User currently offlineCa2ohHP From United States of America, joined Sep 2005, 955 posts, RR: 1
Reply 11, posted (7 years 11 months 2 weeks 2 hours ago) and read 3843 times:

Quoting Matt D (Reply 9):
The solution lies in slamming the door shut for new people coming in. And ideally, kicking a few million of the ones already here out.

Yeah goodluck doing that.


User currently offlineMatt D From United States of America, joined Nov 1999, 9502 posts, RR: 47
Reply 12, posted (7 years 11 months 2 weeks 1 hour ago) and read 3817 times:

I realize that the odds of that happening are extremely remote at best.

So that said....show me a VIABLE alternative solution.

There isn't one.


User currently offlineWA707atMSP From United States of America, joined Oct 2006, 2231 posts, RR: 8
Reply 13, posted (7 years 11 months 2 weeks 1 hour ago) and read 3805 times:

Quoting Ikramerica (Reply 8):
Quoting WA707atMSP (Thread starter):
Yesterday's LA Times says a new light rail line is being planned that would go directly into LAX, via Crenshaw Boulevard and Florence Avenue.

Running above the ground rail with local stops through the some of the most dangerous streets in America is not going to attract many flyers.

The light rail lines which go from ORD and MDW into downtown Chicago pass through neighborhoods just as bad as the neighborhoods this line would go through, but they still attract decent numbers of flyers. It's amazing what flyers will endure to avoid a $35.00 cab ride from ORD into downtown, and being stuck in rush hour traffic on the Dan Ryan Expressway!



Seaholm Maples are #1!
User currently offlineLaxintl From United States of America, joined May 2000, 25532 posts, RR: 50
Reply 14, posted (7 years 11 months 2 weeks 1 hour ago) and read 3777 times:

Quoting Ikramerica (Reply 8):
Running above the ground rail with local stops through the some of the most dangerous streets in America is not going to attract many flyers.

It not just flyers. Its employees.

Look at the Fly-Away bus line from Union Station. Within 4 months the service exceeded its projected annual ridership! It turns out the line has been wildly popular with airport workers of which there are over 40,000.



From the desert to the sea, to all of Southern California
User currently offlineEWRandMDW From United States of America, joined Jul 2006, 416 posts, RR: 0
Reply 15, posted (7 years 11 months 2 weeks 1 hour ago) and read 3768 times:

WA707atMSP wrote: "The light rail lines which go from ORD and MDW into downtown Chicago pass through neighborhoods just as bad as the neighborhoods this line would go through, but they still attract decent numbers of flyers. It's amazing what flyers will endure to avoid a $35.00 cab ride from ORD into downtown, and being stuck in rush hour traffic on the Dan Ryan Expressway!"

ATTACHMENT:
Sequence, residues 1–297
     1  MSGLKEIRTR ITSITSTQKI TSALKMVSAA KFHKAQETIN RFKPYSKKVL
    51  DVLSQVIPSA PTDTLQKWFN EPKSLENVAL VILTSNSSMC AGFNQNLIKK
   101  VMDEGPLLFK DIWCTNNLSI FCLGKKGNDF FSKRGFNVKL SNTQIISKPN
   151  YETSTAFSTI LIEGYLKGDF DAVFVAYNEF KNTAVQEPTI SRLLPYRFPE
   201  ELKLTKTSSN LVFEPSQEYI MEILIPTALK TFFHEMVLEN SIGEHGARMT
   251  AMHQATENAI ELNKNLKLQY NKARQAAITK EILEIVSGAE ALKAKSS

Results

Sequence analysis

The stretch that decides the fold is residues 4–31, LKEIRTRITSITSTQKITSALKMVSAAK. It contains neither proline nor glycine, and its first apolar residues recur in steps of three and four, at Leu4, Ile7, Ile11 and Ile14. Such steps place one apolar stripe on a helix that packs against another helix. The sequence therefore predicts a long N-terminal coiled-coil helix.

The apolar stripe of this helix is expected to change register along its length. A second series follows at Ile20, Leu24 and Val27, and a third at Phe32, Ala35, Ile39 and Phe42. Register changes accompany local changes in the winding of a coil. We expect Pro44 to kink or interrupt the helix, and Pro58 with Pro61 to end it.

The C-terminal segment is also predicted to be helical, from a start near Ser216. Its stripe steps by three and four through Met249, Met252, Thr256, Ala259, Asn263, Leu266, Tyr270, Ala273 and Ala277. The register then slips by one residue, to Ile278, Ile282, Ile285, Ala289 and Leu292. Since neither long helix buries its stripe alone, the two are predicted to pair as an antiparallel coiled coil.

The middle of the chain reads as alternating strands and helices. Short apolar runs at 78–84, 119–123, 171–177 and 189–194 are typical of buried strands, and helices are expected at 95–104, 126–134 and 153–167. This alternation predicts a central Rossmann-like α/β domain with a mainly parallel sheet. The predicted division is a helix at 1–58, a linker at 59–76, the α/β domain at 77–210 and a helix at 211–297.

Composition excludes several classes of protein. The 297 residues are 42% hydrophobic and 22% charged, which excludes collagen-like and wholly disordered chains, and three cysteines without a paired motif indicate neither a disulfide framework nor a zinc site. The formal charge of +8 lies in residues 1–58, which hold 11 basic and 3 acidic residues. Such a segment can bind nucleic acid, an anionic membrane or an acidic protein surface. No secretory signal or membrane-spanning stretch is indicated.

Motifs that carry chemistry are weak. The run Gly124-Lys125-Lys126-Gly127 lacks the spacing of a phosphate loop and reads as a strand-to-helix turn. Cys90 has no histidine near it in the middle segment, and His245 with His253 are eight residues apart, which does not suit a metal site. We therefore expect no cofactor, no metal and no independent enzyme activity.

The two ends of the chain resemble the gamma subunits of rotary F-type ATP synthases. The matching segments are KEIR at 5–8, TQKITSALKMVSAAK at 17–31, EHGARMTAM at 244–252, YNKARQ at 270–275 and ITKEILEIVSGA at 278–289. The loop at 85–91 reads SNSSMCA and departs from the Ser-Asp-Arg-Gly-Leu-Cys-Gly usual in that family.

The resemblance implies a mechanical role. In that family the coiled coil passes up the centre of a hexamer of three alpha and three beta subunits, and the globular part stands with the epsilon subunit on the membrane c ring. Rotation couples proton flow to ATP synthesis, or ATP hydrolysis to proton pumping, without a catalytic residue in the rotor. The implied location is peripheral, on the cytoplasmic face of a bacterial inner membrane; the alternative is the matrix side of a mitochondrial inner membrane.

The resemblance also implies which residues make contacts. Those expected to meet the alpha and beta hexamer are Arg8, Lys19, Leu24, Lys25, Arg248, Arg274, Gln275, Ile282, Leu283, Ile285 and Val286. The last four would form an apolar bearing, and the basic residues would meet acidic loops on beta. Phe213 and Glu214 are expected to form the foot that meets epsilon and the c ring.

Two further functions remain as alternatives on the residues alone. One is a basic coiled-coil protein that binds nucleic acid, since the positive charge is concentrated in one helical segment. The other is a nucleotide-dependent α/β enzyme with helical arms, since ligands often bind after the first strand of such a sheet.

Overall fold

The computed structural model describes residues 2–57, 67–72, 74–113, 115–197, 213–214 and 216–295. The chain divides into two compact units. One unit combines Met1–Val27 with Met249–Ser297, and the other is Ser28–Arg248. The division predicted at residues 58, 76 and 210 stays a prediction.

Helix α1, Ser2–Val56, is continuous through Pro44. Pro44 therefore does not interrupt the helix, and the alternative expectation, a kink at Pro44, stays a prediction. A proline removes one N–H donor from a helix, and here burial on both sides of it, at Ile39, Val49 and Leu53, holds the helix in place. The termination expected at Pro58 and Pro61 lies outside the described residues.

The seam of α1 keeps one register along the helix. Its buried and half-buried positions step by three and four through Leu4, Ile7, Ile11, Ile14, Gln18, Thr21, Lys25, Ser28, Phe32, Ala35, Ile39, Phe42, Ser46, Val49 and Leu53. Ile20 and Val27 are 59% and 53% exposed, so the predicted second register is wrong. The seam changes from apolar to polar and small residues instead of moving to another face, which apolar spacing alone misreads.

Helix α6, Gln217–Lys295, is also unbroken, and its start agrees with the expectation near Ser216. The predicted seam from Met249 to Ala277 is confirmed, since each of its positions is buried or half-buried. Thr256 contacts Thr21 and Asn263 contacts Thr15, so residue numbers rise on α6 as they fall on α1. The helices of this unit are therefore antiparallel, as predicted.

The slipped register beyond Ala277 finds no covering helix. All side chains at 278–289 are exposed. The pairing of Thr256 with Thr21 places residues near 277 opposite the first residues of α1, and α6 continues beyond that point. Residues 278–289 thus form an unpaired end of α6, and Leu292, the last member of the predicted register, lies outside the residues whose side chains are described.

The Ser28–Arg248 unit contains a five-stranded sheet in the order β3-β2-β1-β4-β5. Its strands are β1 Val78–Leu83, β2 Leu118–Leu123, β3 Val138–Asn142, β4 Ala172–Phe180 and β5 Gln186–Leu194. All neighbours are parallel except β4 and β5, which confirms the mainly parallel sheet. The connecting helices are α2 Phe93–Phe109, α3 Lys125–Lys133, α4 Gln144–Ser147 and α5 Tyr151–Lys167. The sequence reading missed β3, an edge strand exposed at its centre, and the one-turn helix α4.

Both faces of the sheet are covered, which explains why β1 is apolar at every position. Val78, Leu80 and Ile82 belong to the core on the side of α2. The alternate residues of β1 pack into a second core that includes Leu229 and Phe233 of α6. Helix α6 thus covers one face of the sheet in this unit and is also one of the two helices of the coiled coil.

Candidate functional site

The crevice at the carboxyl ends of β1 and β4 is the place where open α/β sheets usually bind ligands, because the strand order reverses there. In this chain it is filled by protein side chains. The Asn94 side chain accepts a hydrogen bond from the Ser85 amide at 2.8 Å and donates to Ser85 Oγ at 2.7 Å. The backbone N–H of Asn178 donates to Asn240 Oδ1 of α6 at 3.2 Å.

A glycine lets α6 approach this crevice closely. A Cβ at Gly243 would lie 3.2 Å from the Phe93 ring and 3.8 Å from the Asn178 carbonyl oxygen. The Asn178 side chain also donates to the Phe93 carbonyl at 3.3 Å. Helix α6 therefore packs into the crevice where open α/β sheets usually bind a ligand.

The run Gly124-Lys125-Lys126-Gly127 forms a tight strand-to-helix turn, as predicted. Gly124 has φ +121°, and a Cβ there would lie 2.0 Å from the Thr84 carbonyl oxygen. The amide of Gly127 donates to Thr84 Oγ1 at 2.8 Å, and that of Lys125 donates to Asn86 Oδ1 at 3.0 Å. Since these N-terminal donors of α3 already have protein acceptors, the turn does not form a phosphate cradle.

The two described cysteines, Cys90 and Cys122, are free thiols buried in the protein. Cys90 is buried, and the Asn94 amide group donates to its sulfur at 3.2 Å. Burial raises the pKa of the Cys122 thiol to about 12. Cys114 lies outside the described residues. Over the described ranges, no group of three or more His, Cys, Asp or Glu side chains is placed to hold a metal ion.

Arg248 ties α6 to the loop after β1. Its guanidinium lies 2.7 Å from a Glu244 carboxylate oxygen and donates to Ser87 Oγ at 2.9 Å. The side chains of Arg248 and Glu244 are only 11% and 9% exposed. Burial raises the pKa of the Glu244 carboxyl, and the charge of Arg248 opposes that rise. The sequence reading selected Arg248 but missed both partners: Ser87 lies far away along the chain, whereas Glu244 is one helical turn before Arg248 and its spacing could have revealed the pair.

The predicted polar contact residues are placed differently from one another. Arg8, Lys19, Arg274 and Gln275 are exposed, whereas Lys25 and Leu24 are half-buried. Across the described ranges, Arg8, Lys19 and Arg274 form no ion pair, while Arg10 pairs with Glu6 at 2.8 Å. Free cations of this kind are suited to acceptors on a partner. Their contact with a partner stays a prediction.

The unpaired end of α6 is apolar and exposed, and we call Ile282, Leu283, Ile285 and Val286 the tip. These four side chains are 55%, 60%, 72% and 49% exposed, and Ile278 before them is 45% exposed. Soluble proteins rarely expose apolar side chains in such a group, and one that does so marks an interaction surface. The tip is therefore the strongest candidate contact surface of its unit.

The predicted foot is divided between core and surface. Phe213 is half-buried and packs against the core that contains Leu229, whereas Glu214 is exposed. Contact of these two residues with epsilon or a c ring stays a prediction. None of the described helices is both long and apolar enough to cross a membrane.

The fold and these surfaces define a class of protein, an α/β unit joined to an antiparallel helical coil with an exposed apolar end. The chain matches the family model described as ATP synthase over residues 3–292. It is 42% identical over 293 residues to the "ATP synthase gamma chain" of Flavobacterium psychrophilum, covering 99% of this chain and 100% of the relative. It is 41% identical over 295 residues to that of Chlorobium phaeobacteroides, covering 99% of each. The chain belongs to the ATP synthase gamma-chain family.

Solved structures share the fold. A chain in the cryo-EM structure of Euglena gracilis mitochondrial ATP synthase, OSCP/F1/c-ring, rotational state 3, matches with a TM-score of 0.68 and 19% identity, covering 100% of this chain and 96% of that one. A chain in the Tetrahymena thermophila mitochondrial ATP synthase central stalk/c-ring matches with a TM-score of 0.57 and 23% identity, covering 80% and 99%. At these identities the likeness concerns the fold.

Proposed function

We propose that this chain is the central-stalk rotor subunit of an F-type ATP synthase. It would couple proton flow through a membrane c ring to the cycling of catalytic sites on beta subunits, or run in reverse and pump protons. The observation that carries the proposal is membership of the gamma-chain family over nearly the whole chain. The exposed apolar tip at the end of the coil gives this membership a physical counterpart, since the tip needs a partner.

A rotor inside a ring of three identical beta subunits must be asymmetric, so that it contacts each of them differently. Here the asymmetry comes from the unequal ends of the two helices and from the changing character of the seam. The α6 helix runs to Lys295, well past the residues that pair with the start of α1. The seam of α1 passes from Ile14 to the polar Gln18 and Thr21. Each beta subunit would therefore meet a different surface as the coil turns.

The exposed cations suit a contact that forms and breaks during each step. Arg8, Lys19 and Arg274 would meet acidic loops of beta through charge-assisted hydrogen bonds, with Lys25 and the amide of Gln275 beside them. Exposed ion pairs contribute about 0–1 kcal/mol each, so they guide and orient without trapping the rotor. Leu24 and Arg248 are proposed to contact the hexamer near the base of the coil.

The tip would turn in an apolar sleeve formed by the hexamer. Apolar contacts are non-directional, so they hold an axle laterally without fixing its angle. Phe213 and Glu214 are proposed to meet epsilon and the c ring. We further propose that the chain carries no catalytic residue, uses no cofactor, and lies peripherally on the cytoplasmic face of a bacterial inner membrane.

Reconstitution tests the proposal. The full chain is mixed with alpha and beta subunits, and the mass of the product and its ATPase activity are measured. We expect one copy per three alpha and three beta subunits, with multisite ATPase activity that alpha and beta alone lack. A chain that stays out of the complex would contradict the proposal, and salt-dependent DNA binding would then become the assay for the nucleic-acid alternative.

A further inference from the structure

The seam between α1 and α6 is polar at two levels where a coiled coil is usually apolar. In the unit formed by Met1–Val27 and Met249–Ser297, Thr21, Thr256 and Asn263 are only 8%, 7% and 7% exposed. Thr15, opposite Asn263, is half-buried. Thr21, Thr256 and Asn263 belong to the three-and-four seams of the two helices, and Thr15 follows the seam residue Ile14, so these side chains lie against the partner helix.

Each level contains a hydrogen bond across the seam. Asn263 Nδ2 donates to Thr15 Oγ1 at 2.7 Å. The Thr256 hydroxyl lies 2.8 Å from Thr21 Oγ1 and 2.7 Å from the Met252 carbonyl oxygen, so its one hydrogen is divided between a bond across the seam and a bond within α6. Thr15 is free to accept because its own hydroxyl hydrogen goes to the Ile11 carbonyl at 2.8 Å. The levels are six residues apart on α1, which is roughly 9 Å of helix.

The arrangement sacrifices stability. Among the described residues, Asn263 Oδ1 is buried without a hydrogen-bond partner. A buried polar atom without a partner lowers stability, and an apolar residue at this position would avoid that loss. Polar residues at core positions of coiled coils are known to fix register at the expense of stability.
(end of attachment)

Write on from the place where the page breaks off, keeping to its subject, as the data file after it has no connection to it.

The rail lines to MDW and ORD are classified as HEAVY rail, a.k.a. subway lines using NYC palaver. The ORD line (Blue) runs down the median of the KENNEDY Expy (I-90) and the line to MDW (Orange) runs through some industrial areas, but in general serves pretty decent neighborhoods. I've ridden that line many times, including late at night with no problems. The Blue line from ORD to downtown (24/7/365 operations) is also not that bad -- it's when it heads west from the loop that it can be a bit dicey. FYI the Chicago Transit Authority is in the process of building a new undergraound station in the Loop that will introduce dedicated EXPRESS service to both MDW and ORD in addition to the current service which is all stops.


User currently onlineN1120A From United States of America, joined Dec 2003, 26536 posts, RR: 75
Reply 16, posted (7 years 11 months 1 week 6 days 22 hours ago) and read 3633 times:

Quoting CXB744 (Reply 1):

It's amazing what happens when the mayor goes to Asia and sees how public transit is suppose to work.

Mayor Villaraigosa has been a major proponant of public transport for a long time. He has pushed harder than anyone to lift the federal ban on L.A. heavy rail subway construction, particularly for the Wilshire Line, as well as to lift the idiotic ban on using the rail sales tax for building rail that NIMBY moron Zev Yaroslavsky got passed several years ago. As it is, there are billions lying around in that fund that the LACMTA can't touch.

Quoting Ca2ohHP (Reply 2):
I believe a number of the cities around LAX were able to block the construction of that train directly into the LAX facility.

Of all the things that cities around LAX have done to block progress, this isn't one of them. One of the biggest problems has been the taxi and private car lobby, who kept the Green Line from being built into LAX in the first place as designed.

Quoting Matt D (Reply 6):
2. We don't need yet ANOTHER bond issue (where did all that money from the last three dozen bonds we passed go?).

In case you haven't noticed, Los Angeles has completely modernized its fleet and Metrolink has steadily increased service. Further, the half cent RTD tax that paid for the Blue Line has been held up for years because of the aforementioned County Supervisor.

Quoting Matt D (Reply 6):
3. The LAMTA is arguably the most inept and short sighted Government agency in the state.

You couldn't be more wrong. The LACMTA has done more with less than any other public transport agency in this country, leading to one of the most intensively used public transport systems in the world. The fact that they have been robbed of funding at every turn and been kept from pushing forward their plans by Washington doesn't change that.

Quoting Matt D (Reply 6):